From the start of their life, human beings look for proximity and express a great need to build relationships. In early childhood, this need is catered to by parents. With time, the network connecting us with others broadens. New links appear friends from preschool, playfellows from the playground, new buddies. From then on, personal ties are not only used to build a comfort zone and security but also to provide the joy that comes from working, playing and sharing feelings. They become a catalyst for intellectual and emotional development.
To a large extent, success in learning English is determined by relationships in class. Good vibes improve engagement and concentration. Sharing emotions related to being in class together unites the group and teaches students that they can rely on one another.
The teacher, as a guide, puts the children’s capabilities and their needs in first place. He or she listens to their questions and clarifies their doubts and through this earns respect and trust of the group. The role of the teacher is primarily to support and only secondly to assess. Owing to good rapport with the children and, with their ensuing sense of security, he or she nurtures their natural curiosity about the world and their inner motivation for development.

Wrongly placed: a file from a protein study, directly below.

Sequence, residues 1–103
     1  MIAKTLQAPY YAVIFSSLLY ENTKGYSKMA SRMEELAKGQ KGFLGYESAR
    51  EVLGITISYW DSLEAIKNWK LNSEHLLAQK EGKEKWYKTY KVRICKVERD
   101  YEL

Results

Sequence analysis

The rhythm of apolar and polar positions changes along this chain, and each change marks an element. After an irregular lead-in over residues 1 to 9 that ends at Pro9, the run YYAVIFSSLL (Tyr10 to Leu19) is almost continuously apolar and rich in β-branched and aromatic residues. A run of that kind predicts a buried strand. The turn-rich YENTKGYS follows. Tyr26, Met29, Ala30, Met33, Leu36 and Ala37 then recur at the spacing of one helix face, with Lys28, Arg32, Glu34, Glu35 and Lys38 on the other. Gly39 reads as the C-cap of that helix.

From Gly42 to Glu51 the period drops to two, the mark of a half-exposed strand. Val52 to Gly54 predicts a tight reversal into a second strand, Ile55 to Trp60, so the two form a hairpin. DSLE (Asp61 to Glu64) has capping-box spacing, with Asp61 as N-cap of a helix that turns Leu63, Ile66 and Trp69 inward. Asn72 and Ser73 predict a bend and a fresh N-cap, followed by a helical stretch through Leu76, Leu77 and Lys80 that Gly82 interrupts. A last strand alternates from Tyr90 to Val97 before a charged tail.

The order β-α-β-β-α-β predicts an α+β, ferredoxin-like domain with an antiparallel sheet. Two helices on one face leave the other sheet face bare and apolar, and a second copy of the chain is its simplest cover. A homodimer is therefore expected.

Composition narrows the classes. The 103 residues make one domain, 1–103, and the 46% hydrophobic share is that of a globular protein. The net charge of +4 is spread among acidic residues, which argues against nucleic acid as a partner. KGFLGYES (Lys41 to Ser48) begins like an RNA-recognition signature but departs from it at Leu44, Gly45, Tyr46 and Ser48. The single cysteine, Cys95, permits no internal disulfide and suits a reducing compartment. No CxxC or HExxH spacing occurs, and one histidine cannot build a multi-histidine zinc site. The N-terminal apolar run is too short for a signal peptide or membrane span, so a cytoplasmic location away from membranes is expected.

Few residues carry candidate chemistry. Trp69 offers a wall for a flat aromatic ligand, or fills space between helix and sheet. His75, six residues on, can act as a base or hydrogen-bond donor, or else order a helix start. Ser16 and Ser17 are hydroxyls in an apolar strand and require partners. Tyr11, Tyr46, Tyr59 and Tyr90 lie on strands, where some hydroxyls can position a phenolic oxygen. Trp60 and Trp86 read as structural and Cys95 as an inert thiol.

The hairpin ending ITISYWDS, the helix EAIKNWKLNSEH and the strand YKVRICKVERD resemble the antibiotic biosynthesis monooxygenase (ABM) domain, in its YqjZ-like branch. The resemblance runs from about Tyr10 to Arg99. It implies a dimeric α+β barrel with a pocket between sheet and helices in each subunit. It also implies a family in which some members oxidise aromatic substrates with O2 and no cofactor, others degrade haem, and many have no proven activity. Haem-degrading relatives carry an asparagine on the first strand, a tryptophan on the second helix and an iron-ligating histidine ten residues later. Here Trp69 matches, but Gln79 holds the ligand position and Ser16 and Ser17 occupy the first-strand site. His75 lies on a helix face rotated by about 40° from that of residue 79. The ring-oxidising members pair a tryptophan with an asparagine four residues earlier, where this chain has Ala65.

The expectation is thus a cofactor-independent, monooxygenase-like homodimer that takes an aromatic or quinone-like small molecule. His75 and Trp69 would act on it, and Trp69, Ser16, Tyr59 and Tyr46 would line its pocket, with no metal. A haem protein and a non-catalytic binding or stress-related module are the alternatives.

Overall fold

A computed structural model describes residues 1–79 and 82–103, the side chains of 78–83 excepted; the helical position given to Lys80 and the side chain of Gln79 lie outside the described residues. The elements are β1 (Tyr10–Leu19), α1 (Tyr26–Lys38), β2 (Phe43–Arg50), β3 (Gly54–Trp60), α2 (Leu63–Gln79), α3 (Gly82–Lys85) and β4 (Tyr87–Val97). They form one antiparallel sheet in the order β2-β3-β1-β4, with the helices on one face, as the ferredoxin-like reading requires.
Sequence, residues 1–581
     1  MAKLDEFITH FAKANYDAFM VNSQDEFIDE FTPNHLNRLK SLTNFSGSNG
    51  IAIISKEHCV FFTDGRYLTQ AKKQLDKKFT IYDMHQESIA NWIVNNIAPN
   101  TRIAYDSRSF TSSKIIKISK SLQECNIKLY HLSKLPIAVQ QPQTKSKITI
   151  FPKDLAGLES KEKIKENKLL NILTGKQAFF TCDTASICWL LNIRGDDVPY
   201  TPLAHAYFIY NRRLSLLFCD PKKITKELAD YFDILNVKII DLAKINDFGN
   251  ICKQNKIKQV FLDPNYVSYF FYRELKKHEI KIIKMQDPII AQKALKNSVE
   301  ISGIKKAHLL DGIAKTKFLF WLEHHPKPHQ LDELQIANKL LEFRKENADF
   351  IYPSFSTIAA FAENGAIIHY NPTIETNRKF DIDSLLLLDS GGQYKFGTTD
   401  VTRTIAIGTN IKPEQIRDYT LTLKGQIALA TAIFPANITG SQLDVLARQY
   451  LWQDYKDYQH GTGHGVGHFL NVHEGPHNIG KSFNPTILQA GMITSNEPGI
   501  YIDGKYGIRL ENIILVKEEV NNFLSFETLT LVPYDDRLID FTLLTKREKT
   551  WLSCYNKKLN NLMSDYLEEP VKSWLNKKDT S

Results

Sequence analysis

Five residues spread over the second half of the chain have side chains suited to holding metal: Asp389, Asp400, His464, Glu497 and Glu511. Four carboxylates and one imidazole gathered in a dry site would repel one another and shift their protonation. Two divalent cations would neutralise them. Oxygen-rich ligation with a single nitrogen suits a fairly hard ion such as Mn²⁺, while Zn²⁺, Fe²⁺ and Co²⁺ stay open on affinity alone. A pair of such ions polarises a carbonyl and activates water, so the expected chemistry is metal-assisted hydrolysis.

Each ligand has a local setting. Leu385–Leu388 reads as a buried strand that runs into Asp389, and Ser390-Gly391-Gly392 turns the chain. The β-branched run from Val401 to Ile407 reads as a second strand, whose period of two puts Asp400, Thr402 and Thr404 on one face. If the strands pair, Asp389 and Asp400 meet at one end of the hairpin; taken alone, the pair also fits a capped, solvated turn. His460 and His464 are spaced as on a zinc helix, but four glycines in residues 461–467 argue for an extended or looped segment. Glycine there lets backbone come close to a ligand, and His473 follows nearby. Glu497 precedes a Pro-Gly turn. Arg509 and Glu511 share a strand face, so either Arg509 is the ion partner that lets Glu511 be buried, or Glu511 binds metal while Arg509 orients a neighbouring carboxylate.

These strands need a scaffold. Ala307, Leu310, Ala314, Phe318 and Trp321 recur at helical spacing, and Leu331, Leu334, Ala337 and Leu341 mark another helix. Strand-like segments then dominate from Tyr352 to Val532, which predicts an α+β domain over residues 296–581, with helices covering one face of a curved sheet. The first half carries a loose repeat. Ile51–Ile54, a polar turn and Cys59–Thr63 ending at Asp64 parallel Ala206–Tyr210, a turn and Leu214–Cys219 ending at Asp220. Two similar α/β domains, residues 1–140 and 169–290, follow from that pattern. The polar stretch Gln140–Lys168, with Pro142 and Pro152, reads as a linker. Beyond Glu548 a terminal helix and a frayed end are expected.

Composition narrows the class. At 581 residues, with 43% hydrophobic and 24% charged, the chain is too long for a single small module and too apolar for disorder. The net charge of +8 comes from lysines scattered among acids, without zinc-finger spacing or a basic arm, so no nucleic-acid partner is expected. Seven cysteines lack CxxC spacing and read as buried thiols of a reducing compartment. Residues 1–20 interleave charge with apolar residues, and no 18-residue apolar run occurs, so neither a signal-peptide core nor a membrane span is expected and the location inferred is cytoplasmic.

Children like to be taken seriously as it consolidates their self-esteem. This elementary principle is something we adhere to during every single class. We believe we can count on our students and we send that message to them explicitly. With this kind of approach, children grow more responsible and self-reliant.
In Early Stage, we stand for the conscious participation of parents in the education of their children. We look on them as good companions who support student involvement, and if any issues emerge, we inform parents about them as needed. We organise special workshops on that topic. Throughout the whole course, we take particular care to keep in touch with parents and to maintain openness in teacher-parent relationships. Collapse